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Fishing as Therapy

I had a friend who ran a fishing project at a local venue, Selwyn Pond, formerly the estate pond of the Lord of the Manor, now in the middle of a deprived council estate. Kids with a whole variety of challenges learned to listen, to be calm, to focus and concentrate on one thing, to be aware of their environment: all through angling. They were outdoors and engaged with nature. They were living in the moment. In effect, they were experiencing mindfulness. Of course, if you told them they were going to practice mindfulness they wouldn’t have shown up, so to them, it was just fishing.

My friend gave me a fishing pole for my young son. I had no idea how to use it but a quick YouTube search solved that problem and one summer day, I took my son fishing. We caught a few small roach and bream until my lad grew bored and went to play on the nearby swings.

Then suddenly something hit my bait harder than before and the float disappeared under and around the water, dragged by my first ever carp. It must have weighed about two pounds and the local anglers were, I think, a little surprised at my exited shouting to my son to come and have a look. They were even more surprised when I insisted on having a photograph taken holding my trophy, which was then released unharmed. Of course, I was hooked, and the picture still hangs on my wall.

Since then, I have graduated to rod and reel, and have caught many more and much larger carp as well as barbel, and tench. I have delved into the world of lure fishing for predators such as perch and pike, and, in search of elegance, fly fishing for trout. I now read, write, paint, think, talk and dream about leviathans and consider myself a competent piscator.  I am conscious that fishing has been described as “a stick and a string, with a worm at one end and a fool at the other.”

The “Fishing For Answers; Report by Dr Adam Brown presents a huge amount of persuasive evidence about the positive role that angling can play in improving people’s lives across a wide range of age groups and communities.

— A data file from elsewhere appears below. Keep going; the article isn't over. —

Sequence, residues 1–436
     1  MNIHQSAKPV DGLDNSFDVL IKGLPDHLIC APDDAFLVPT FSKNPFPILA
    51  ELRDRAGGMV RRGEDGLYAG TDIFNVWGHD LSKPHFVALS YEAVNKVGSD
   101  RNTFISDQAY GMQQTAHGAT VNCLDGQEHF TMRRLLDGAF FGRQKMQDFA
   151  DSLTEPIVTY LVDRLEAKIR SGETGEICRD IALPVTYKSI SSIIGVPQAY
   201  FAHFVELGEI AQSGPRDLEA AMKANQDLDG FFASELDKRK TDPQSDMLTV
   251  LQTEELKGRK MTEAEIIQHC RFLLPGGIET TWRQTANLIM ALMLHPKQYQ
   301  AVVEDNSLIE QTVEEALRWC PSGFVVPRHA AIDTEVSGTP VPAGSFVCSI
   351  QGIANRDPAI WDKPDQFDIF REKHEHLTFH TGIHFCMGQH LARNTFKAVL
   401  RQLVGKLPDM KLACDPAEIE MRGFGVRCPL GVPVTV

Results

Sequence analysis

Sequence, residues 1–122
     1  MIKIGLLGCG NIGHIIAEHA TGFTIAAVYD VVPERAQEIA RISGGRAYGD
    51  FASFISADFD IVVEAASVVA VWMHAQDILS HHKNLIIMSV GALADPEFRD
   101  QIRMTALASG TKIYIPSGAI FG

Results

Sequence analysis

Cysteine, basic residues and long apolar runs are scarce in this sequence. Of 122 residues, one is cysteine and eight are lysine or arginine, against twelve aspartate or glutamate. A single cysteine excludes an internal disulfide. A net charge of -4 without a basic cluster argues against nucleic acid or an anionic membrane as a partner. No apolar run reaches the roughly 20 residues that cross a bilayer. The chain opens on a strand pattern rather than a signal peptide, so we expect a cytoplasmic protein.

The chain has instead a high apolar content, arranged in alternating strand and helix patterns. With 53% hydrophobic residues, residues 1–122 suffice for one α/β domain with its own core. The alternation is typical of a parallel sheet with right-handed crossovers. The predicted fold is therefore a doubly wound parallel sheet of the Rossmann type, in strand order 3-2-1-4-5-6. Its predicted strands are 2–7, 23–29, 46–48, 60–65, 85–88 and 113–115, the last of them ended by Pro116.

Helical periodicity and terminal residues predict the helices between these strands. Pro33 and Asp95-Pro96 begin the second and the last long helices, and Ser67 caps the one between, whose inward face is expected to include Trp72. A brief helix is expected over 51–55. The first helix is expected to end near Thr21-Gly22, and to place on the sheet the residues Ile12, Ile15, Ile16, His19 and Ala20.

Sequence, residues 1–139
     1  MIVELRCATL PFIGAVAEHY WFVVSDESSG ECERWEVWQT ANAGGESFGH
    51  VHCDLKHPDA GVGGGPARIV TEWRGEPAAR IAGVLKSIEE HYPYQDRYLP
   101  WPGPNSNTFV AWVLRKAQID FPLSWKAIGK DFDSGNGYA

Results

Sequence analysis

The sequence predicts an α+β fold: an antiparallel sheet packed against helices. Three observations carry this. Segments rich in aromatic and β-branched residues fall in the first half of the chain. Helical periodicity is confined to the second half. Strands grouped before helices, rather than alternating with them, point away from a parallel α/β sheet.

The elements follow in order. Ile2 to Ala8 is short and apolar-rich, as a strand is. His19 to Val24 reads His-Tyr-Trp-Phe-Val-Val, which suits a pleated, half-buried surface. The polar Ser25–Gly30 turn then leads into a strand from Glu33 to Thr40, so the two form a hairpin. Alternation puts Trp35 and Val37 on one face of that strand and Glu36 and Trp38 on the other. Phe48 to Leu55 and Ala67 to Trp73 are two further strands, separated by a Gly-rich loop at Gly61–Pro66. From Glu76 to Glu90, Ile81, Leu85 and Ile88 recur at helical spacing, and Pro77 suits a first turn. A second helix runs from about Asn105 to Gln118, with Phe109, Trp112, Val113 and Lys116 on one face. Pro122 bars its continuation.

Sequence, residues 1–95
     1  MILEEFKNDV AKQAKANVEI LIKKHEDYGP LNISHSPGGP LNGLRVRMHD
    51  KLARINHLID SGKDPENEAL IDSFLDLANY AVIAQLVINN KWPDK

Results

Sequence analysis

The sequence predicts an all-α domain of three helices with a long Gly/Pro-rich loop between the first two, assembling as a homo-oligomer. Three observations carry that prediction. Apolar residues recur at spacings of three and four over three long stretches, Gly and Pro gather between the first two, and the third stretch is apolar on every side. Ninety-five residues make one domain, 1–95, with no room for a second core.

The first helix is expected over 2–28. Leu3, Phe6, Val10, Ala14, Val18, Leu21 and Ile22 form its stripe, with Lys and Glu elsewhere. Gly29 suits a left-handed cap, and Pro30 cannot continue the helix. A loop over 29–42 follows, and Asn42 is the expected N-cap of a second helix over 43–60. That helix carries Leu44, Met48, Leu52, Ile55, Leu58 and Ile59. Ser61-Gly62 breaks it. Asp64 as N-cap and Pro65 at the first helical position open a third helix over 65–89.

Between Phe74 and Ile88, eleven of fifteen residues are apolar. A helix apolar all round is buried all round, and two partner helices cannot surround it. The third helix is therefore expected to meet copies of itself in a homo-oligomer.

It evidences how angling:

  • Increases physical activity and assists in recovery from physical illness
  • Promotes good mental health
  • Provides programmes that assist in the treatment and recovery from addiction
  • Helps build people’s relationships and self confidence
  • Provides opportunities for ‘active ageing’ and inter-generational relationships
  • Increases a sense of community

Angling makes a huge contribution to preventative and restorative health and wellbeing. It is a means by which people access the natural environment, find peace and quiet, de-stress and lessen the likelihood of mental ill health. The report says that 87% of anglers surveyed identified rest and relaxation as an important motivator for participation.

In “The Natural Childhood”, Dr William Bird is quoted as saying “Children who don’t connect with nature before the age of 12 are less likely as adults to connect with nature. They therefore lose out on the resilience nature provides when you’re really stressed”. Angling offers a very intense connection with nature that runs much deeper than most forms of contact.  So, getting people involved has many benefits. It is often the first experience of being close to nature and so can form an important link to environmental awareness.

The Catch a Smile project in Gloucester, founded by Danny and Caroline Keene and run with the help of an amazing team of volunteers, takes advantage of this opportunity to promote wellness and community through fishing. In May of this year, Gladstones took its first group of new anglers to the fishery. Most had never fished before in their life, some not since childhood. Some came along just to get some fresh air, blow away the cobwebs and have a change of environment. We took a packed lunch and picnicked by the water.

Everyone who participated caught something, be it roach, bream, crucian carp or tench. All said they had enjoyed the experience, found it relaxing or meditative. Some said it brought back childhood memories. A big part of the experience is realizing that the hours pass without you noticing and suddenly you have enjoyed a whole day, with no need for alcohol or other mood-altering chemicals.

Is there anything prettier in the word than a young Tench?

If you are struggling with mental health issues or have a friend or family member who is struggling with mental health, Gladstones private rehabilitation Clinics can help.

We work with people struggling with mental health and their families on a daily basis in our rehab clinic. We have seen the damage done to everyone involved. We apply our years of experience with the latest integrative treatment models and therapies in our highly successful practice. Gladstones operates two private residential rehab facilities in the South-West of England, and two in London. Our main office and facilities are located in central Bristol.

All Our clinics provide clients with a private room (en-suite) & full board included in the cost of their residential rehabilitation programme. If you need to speak to someone right now for a confidential chat call us Freephone on 0808 258 2350 or email –

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